Why not? There have been roots that have been revoked due to being compromised and which have issued bogus certs (e.g. DigiNotar). That's caused some chaos, but people adapted.

Sure, VeriSign is large and commands (either directly or through its subsidiaries) a substantial fraction of the CA market. Nuking it would be a Very Big Deal that browsers wouldn't take lightly, but I have no doubt that if it were shown that VeriSign (or Comodo, or other CAs) were found to be issuing bogus certs for the government to compromise people, they'd get their roots pulled by browsers. That's a death sentence for a CA, hence my skepticism in response to the proposal that they're actively assisting governments.

A better solution would be the ability to provide multiple root certs, which is not technically feasible today, and won't be for a while - even things like SSL vhosts are considered unreliable due to the prevalence of legacy browsers that don't know how to use the proper TLS extensions for hostname identification. So maybe in 10 years we can start telling site operators that they can turn on multiple certs, and 10 years after that browser vendors will have enough data to determine if it's safe to actually revoke a root cert or not. In the meantime you will have to convince HTTPS services that it's worth paying n times as much in certification costs to avoid a hypothetical root revocation.

Agreed. That would be nice.

Re:https is useless (1)

mysidia (191772) | about 2 months ago | (#47681871)

were found to be issuing bogus certs for the government to compromise people, they'd get their roots pulled by browsers. That's a death sentence for a CA, hence my skepticism in response to the proposal that they're actively assisting governments.

They might engage in this indirectly by CROSS-SIGNING an intermediate CA which the government would have control over.

Verisign would then have plausible deniability, since the government agency produced all the required "audit papers" indicating compliance with the required policies.

Nothing bad would happen to verisign --- at most some browsers would add the rogue government CA to the "Untrusted certificates list", and maybe some other root CAs would add the intermediate CA to their CRLs in order to invalidate the CA.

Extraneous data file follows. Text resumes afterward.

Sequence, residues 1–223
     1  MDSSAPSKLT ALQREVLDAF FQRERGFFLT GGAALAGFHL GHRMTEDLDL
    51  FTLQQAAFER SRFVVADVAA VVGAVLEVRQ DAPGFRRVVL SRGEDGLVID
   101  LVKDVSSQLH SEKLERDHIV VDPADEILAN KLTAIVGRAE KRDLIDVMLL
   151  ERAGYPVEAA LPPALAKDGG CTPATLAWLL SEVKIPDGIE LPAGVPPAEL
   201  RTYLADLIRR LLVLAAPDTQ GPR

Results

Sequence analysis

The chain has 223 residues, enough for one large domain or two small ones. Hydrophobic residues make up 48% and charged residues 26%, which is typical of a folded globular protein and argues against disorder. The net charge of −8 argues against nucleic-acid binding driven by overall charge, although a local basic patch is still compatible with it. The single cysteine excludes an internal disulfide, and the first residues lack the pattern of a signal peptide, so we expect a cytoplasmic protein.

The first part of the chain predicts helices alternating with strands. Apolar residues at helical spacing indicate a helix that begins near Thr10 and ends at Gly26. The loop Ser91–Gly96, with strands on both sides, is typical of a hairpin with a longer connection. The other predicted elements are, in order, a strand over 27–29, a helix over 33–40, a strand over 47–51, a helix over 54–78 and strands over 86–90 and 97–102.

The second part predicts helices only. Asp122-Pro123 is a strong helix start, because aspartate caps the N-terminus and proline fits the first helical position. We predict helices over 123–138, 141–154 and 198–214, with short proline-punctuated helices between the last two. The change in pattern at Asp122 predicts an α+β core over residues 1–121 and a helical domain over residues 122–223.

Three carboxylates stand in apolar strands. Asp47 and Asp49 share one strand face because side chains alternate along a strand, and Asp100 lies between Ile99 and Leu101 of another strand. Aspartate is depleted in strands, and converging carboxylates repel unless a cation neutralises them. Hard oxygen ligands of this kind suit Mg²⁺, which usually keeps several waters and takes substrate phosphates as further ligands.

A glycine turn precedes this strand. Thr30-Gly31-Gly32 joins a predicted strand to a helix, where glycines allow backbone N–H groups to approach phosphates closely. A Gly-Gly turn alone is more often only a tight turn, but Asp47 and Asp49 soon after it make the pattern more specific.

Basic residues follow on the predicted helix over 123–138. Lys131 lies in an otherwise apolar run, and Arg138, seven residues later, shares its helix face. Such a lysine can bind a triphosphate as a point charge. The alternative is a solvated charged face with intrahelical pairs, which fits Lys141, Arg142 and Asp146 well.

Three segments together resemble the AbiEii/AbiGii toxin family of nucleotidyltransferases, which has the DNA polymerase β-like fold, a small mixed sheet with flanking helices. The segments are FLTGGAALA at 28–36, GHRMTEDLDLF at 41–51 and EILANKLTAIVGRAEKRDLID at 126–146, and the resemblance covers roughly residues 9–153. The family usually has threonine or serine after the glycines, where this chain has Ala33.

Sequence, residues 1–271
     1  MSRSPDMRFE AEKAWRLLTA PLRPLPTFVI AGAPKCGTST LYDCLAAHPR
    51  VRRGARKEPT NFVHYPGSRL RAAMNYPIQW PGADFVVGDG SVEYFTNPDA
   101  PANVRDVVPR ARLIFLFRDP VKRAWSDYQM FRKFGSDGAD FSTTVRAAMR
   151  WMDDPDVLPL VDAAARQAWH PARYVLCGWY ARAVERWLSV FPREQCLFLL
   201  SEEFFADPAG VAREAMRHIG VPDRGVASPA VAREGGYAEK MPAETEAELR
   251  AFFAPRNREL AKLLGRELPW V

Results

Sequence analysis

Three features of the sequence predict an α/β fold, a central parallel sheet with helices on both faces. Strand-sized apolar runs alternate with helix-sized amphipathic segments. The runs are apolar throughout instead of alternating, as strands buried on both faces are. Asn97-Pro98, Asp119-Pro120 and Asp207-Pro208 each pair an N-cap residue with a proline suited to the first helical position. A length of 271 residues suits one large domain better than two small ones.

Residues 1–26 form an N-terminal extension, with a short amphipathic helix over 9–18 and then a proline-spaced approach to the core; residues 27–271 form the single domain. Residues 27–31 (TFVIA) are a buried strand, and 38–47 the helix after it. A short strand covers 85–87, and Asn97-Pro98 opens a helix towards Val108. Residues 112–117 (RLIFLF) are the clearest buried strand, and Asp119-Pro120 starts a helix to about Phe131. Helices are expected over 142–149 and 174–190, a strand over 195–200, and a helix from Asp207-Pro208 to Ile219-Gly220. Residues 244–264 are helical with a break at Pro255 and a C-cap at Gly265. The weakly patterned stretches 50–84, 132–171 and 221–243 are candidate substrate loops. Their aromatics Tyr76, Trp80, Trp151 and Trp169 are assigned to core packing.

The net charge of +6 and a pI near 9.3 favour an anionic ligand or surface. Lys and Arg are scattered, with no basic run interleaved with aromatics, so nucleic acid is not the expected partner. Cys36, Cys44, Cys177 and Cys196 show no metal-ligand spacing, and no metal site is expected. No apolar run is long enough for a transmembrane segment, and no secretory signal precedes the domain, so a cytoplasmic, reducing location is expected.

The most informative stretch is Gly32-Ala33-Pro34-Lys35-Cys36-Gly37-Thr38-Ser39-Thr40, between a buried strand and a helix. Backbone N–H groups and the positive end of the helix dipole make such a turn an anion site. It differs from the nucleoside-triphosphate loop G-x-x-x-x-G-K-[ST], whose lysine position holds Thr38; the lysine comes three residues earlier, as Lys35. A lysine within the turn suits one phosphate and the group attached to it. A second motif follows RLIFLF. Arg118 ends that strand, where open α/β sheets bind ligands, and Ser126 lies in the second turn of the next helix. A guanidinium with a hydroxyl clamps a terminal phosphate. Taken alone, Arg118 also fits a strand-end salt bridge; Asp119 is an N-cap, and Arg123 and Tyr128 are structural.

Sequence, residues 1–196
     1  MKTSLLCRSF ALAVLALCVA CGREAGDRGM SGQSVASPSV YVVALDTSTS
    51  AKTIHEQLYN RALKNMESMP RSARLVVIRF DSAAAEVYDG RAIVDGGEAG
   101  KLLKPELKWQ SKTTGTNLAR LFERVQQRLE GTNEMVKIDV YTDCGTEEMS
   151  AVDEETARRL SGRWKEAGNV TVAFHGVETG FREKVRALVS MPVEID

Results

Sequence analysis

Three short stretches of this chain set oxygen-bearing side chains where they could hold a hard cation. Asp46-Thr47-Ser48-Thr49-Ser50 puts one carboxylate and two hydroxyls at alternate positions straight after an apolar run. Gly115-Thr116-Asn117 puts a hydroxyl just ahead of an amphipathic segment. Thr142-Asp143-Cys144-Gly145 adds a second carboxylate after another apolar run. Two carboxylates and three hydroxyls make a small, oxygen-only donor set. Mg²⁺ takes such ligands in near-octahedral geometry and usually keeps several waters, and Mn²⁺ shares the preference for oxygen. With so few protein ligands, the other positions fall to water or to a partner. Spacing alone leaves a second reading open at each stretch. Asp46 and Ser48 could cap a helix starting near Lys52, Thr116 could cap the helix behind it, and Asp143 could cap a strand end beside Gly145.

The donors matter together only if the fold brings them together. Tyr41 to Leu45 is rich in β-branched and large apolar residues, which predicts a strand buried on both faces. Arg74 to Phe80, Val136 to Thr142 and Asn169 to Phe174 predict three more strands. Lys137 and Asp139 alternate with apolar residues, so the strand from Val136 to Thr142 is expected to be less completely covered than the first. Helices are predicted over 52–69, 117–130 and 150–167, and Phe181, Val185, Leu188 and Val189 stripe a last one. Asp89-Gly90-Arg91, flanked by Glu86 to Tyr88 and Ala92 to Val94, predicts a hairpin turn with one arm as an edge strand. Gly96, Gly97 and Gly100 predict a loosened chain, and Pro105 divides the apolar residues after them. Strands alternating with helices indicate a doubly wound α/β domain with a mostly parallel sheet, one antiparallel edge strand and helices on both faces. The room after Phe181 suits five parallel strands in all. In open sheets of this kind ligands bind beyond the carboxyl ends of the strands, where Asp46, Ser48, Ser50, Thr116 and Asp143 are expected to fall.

Re:https is useless (0)

Anonymous Coward | about 2 months ago | (#47681485)

If VeriSign gets caught issuing bogus certs for the government, browser vendors will revoke their roots. That's basically a death sentence to companies like VeriSign (rather, their cert-issuing division).

I wouldn't be too sure of that.

Of all the companies that have aided the NSA, how many are out of business or even really hurting?

Re:https is useless (1)

heypete (60671) | about 2 months ago | (#47681719)

If VeriSign gets caught issuing bogus certs for the government, browser vendors will revoke their roots. That's basically a death sentence to companies like VeriSign (rather, their cert-issuing division).

I wouldn't be too sure of that.

Of all the companies that have aided the NSA, how many are out of business or even really hurting?

Companies like what? The ones making network-tapping hardware and whatnot cater toward a limited market, not the general public. Certificate authorities directly transact with server administrators, but their primary audience are end-users and they have wide public exposure. If a CA was found to be doing shady things, browsers would remove their roots. That'd basically kill off the offending CA.

Re:https is useless (4, Insightful)

PopeRatzo (965947) | about 2 months ago | (#47681721)

If VeriSign gets caught issuing bogus certs for the government, browser vendors will revoke their roots.

Hasn't history taught us that, "They wouldn't dare" is not something on which to base trust?

I'm sure there was some dim bulb somewhere who believed, long ago, that AT&T "wouldn't dare" help the government spy on people because then all their customers would cancel their service.

No, you've got to do better than, "I wouldn't think of doing such a thing" when it comes to 21st century governments.

Re:https is useless (1)

Charliemopps (1157495) | about 2 months ago | (#47681321)

What good is https going to be against the state? You think they can not coerce Verisign et al to hand over a copy of the root keys?

That's not how it works. But of course, if they are inside Google, and Microsoft (and they are) then you're screwed. But, in my experience with keys, these sorts of attacks have to be very directed. You can't just "Hack everyone" it's an exploit you'd have to hack on an individual basis. Usually because most sites, and client computers are such unique devices. Most corporate websites have been developed over decades and are a mess of hundreds of different programmers over years. I'm involved peripherally in maintaining a couple of different large(ish) sites and the code makes me cry at times. But on the other hand, good luck hacking that without bringing the whole site down, we can barely maintain it ourselves! :-p